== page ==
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Conversation 11 comments by 7 users
  • a7h13f
    +26

    As a society, it's time we found a way to protect children from sexual predators without punishing children for exploring their sexuality. I've seen too many articles like this, where people's lives were ruined by our justice system for a youthful mistake. The legal system has to keep up with the technology. Isn't one of the cornerstones of justice the concept that the punishment must fit the crime? How is it reasonable to force a teenager to register as a sex offender because of this?

    • Rothulfossil
      +14

      It's just absurd anyway to have the label permanently branded on your forehead, so to speak. Like you said, a "youthful mistake" should be seen as the law as just that. Society can't seem to get past seeing a person for who they were rather than who they are and that's becoming fatal as technology allows for more transparency.

      I've often said, "If I could go back in time and meet my past self, I'd probably hate him as recently as a month ago." I'm 22 and the rate at which my mind is changing has slowed. Between 18 and 21, though, I changed fundamentally as a human being probably as much as I did throughout all of my teen years. If my mistakes then still hung around like a cloud over my head, I'd have no hope of a future.

      One-time sex offender at 19 years old, especially under these circumstances, can't be indicative of future behavior. Even if this kid meant to have sex with a 14-year-old, he's young enough that he could be reformed. Stupid, stupid law.

      • a7h13f
        +12

        One-time sex offender at 19 years old, especially under these circumstances

        I think the law should absolutely be able to examine the circumstances and not just the crime. For instance, this individual is not showing a pattern of abusive behavior. As best as the article indicates, he had no ill intent. He found a girl who said she was older than she was on an app for hooking up, and hooked up with her. Obviously, we should still try to impart a lesson upon this young man about responsible sexual behavior, but this punishment isn't achieving that goal.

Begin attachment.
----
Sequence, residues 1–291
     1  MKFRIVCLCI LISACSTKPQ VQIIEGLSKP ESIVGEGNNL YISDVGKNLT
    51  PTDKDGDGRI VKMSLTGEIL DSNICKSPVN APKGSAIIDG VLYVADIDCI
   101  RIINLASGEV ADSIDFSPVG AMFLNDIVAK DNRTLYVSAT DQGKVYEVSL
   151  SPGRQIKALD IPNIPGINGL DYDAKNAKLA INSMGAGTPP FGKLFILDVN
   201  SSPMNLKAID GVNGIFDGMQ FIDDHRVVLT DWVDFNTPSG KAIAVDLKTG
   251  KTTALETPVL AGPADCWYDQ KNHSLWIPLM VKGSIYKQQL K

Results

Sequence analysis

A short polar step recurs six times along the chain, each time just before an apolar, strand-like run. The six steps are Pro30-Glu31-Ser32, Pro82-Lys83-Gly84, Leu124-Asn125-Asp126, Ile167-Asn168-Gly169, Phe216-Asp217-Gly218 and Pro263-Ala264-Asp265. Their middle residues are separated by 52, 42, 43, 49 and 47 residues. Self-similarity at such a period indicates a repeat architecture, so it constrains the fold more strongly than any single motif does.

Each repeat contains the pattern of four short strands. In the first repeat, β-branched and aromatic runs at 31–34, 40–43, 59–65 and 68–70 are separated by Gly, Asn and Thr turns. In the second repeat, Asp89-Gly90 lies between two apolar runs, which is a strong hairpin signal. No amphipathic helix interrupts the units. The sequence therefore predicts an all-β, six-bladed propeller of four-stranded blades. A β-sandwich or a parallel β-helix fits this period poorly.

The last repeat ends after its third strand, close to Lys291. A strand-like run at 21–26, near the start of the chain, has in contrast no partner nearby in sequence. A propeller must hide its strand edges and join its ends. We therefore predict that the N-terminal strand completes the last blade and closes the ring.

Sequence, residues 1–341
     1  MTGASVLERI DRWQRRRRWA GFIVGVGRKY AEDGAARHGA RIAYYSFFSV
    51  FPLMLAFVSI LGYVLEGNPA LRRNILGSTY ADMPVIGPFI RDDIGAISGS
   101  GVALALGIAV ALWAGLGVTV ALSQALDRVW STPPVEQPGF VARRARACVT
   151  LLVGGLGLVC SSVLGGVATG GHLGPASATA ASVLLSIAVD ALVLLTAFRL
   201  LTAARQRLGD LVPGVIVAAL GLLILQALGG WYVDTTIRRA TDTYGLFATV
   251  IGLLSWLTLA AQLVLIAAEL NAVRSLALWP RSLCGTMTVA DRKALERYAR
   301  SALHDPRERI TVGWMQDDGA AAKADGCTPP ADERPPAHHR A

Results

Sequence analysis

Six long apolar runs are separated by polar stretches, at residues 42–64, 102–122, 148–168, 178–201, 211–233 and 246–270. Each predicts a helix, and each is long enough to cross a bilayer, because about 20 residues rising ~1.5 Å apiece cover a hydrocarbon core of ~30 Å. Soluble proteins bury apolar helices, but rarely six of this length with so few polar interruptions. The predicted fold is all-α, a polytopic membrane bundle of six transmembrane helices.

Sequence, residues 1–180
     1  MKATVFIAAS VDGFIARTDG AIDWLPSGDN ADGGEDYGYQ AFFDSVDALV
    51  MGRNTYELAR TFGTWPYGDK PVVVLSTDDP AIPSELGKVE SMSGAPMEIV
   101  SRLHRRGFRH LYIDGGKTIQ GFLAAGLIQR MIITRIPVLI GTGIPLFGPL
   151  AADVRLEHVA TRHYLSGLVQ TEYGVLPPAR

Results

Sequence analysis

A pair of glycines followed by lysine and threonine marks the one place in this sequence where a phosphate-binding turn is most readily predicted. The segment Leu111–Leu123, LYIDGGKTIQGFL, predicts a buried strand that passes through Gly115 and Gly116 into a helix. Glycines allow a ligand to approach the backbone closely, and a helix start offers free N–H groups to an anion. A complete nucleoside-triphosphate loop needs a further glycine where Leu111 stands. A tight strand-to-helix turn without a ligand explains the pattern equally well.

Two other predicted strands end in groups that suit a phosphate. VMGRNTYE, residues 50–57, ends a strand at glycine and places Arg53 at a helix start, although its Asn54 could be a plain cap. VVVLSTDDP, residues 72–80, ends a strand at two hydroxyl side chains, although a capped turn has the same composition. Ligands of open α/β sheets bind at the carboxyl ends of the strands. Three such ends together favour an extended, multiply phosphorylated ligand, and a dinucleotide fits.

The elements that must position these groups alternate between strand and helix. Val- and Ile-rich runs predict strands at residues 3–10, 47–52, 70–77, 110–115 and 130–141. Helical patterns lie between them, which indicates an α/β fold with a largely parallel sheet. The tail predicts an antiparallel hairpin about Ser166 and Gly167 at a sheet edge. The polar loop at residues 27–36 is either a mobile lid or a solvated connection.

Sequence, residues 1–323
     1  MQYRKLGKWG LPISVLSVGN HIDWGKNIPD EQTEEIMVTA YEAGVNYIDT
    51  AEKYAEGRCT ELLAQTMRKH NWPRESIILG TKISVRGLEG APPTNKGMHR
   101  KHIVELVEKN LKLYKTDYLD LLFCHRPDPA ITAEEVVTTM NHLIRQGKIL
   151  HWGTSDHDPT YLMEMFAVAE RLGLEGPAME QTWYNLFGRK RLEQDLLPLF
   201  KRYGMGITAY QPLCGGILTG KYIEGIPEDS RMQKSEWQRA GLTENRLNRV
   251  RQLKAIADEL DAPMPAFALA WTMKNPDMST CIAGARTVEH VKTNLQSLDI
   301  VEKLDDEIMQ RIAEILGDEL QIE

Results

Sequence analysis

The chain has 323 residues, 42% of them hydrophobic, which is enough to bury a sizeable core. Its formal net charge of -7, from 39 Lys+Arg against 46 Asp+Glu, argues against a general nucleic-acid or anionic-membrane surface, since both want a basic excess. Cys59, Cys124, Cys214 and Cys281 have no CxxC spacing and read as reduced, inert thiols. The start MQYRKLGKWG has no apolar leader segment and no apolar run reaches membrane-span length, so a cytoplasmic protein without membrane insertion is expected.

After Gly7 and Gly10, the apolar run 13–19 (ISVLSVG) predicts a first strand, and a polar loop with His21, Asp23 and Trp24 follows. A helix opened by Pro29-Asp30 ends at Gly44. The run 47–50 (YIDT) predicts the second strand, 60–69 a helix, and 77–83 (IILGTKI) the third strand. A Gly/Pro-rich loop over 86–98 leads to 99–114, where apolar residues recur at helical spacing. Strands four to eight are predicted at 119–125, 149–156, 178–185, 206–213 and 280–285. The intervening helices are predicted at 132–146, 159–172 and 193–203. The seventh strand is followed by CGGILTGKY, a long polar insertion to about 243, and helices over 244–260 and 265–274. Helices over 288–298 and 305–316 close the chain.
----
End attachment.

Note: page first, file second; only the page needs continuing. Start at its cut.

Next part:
A judgement that lasts a lifetime for a single incident should be reserved for the most heinous of offenders, not a young man who made the mistake of trusting the word of someone on a hookup app.

        This isn't fair or just. The punishment does not fit the crime, and even the word crime seems to barely fit in this situation.

        • Rothulfossil
          +6

          The thing is, the law can examine the circumstances and not just the crime. That's the point of a jury of peers and, ultimately, a judge.

          • a7h13f (edited 3 years ago)
            +7

            The law can, but too often it misses the mark. As in this case. We have these laws in place to protect children from sex offenders and predators. This young man obviously fails to meet that criteria. The problem is that this isn't an isolated incident - The New York TImes wrote an article about this in 2010, but nothing seems to have changed.

    • Liam
      +7

      I thought there was a clause for this sort of thing, but maybe I'm mistaken.

      Regardless - I'd imagine the problem comes from the way we perceive the two sides here.